A recent study found there may be little to no effects—good or bad—associated with non-sugar sweeteners (NSSs).
For the study, published in BMJ, researchers queried sources including Medline (Ovid), Embase, Cochrane CENTRAL, WHO International Clinical Trials Registry Platform, Clinicaltrials.gov, and others. Eligible studies were those including healthy adults or children, with or without overweight or obesity, that compared no or lower intake of an identified NSS with increased intake of an identified NSS for at least one week. NSS doses had to be within the acceptable daily intake. Primary outcomes included body weight/body mass index (BMI), glycemic control, oral health, eating behavior, preference for sweet taste, cancer, cardiovascular disease, kidney disease, mood, behavior, neurocognition, and adverse effects.
Non-sugar sweeteners and health: The weight of evidence hints at benefits, but the full picture has yet to emerge, says this #BMJEditorial https://t.co/wuMfAdnqeV @HarvardChanSPH pic.twitter.com/TwCZa7hvKM
— The BMJ (@bmj_latest) January 5, 2019
I still do believe that taking no sugar at all is better than taking non-sugar sweeteners. However this paper does point out that harms of non-sugar sweeteners have yet to be established by longer term studies https://t.co/DyctmsOv0X
— Unnikrishnan AG (@Unnikri) January 3, 2019
Final analyses included 56 studies: 35 observational studies and 21 randomized controlled trials. Researchers observed, with very low and low certainty among a low number of small studies, that NSSs may have a beneficial effect on BMI (mean difference −0.6, 95% confidence interval −1.19 to −0.01; two studies, n = 174) and fasting blood glucose (−0.16 mmol/L, −0.26 to −0.06; two, n = 52) in adults. Also with very low certainty of evidence, lower NSS doses correlated with lower weight gain (−0.09 kg, −0.13 to −0.05; one, n = 17,934) compared to higher NSS doses. There were no significant differences in any other outcomes between the use and non-use, or different doses, of NSSs. With very low to moderate certainty, the researchers stated NSSs had no significant impact on overweight or obese adults or children actively trying to lose weight. When comparing NSS intake versus sugar intake in children, there was a slight increase in BMI z score (−0.15, −0.17 to −0.12; two, n = 528, moderate certainty of evidence); however, there were no meaningful differences in body weight (−0.60 kg, −1.33 to 0.14; two, n = 467, low certainty of evidence), or between different doses of NSSs (very low to moderate certainty).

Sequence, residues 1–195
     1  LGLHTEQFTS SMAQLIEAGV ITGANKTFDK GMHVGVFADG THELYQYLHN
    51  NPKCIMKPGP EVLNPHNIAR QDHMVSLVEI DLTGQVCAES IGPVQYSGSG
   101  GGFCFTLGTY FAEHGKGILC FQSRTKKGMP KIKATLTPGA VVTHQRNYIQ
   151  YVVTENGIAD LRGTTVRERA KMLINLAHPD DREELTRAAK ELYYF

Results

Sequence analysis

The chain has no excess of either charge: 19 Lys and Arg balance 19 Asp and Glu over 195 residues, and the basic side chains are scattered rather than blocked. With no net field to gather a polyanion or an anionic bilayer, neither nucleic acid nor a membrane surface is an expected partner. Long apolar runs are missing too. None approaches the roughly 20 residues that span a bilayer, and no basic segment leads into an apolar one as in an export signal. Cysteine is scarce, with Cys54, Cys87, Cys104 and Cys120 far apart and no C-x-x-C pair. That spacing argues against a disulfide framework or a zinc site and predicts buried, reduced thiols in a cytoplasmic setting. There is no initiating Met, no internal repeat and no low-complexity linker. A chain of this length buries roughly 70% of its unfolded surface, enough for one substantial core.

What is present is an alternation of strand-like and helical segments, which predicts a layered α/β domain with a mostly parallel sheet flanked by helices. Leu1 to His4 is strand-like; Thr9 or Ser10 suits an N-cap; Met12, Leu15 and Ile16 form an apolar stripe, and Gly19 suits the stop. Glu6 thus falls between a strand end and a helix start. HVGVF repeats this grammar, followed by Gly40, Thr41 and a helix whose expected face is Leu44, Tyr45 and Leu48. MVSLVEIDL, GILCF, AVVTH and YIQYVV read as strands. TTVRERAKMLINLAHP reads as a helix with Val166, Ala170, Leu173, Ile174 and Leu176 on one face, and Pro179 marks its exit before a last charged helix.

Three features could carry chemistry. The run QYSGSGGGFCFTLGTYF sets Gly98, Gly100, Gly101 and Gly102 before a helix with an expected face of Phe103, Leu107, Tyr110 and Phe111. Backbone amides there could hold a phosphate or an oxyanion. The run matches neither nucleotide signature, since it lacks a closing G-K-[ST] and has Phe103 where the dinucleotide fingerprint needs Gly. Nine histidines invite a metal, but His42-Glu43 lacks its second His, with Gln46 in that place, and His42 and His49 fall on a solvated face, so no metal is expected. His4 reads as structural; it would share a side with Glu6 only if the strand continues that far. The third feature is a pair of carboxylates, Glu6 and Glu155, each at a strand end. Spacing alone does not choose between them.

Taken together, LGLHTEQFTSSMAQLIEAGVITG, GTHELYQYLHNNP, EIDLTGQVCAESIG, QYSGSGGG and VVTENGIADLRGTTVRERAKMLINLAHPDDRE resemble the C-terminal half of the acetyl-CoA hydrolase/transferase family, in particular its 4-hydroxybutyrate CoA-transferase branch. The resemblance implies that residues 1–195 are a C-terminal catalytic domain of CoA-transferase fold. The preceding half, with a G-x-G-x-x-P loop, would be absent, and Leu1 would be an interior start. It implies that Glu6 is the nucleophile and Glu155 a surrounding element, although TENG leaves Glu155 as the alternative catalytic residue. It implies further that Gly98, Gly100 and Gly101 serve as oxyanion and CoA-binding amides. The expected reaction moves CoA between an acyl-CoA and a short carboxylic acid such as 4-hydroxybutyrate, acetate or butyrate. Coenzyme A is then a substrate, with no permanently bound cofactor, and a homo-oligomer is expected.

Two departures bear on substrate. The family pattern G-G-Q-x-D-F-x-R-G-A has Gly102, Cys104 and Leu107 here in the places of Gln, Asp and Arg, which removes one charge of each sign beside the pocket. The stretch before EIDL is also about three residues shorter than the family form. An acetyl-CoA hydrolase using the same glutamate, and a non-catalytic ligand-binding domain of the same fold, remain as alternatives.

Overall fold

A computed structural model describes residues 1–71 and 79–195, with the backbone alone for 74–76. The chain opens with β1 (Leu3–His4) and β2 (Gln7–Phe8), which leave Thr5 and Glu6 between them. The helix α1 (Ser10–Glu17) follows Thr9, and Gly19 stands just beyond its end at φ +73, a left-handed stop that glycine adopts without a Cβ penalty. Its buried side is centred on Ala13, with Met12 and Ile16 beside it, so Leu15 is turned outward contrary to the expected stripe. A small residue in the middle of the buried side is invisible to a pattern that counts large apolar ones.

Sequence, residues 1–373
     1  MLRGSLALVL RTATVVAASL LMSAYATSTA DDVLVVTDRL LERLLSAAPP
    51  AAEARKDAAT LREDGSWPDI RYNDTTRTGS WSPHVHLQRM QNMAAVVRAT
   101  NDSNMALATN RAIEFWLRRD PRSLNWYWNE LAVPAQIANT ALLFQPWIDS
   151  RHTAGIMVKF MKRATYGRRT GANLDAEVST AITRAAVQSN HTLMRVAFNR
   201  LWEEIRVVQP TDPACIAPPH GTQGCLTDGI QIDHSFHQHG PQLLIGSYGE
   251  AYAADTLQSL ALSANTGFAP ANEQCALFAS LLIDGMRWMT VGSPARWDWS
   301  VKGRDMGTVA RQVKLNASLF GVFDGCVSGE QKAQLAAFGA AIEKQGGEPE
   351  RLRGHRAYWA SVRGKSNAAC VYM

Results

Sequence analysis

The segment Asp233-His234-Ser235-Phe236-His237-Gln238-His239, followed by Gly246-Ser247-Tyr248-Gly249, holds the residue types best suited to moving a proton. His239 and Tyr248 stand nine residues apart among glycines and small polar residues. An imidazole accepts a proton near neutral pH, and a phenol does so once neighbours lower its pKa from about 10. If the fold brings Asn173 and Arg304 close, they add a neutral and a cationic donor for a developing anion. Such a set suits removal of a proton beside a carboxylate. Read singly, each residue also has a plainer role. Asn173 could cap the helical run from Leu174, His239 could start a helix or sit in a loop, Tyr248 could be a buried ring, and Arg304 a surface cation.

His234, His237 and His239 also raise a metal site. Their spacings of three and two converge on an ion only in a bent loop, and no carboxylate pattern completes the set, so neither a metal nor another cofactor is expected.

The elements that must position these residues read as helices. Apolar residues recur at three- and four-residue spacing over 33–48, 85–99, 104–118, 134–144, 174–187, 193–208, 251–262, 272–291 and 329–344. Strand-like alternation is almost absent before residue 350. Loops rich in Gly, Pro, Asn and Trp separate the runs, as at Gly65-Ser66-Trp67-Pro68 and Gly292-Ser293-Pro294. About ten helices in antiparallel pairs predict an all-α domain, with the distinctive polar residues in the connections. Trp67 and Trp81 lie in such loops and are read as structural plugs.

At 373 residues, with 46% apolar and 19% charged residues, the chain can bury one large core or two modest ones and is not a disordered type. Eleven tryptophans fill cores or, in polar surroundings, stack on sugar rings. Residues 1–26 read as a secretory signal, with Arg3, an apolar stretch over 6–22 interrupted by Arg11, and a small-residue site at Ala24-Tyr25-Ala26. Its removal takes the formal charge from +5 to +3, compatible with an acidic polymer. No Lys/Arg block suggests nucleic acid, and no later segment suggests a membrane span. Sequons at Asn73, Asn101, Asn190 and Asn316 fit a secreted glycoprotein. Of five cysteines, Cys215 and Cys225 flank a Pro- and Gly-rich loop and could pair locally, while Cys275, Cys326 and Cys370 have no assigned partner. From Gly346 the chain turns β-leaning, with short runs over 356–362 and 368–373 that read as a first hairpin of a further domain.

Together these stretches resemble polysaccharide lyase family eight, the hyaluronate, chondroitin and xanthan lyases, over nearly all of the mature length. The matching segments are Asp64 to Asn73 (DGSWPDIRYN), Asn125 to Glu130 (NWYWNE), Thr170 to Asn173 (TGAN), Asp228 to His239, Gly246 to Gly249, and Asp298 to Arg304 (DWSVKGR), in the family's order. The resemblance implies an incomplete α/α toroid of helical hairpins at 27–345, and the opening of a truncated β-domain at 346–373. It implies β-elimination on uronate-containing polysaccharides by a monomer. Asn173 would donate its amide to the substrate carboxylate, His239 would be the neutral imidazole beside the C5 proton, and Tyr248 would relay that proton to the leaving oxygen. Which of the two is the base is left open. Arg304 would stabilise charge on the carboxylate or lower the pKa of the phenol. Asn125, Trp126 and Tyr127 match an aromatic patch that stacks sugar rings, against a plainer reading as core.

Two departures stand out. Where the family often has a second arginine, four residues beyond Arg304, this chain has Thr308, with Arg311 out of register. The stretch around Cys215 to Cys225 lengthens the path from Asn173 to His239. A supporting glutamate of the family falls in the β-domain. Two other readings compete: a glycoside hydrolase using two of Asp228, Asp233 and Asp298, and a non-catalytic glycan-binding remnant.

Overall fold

Non-sugar sweeteners: lack of evidence that they help to control weight https://t.co/VhtSktuzjA
— Bingbing Li MD PhD (@BingbingXLi) January 8, 2019
Sugar substitutes have a similar effect on health as sugars https://t.co/s0rylA4ctm
— Sergio Uribe (@sergiouribe) January 5, 2019
“For most outcomes, there seemed to be no statistically or clinically relevant difference between NSS intake versus no intake, or between different doses of NSSs,” the researchers wrote. “No evidence was seen for health benefits from NSSs and potential harms could not be excluded.”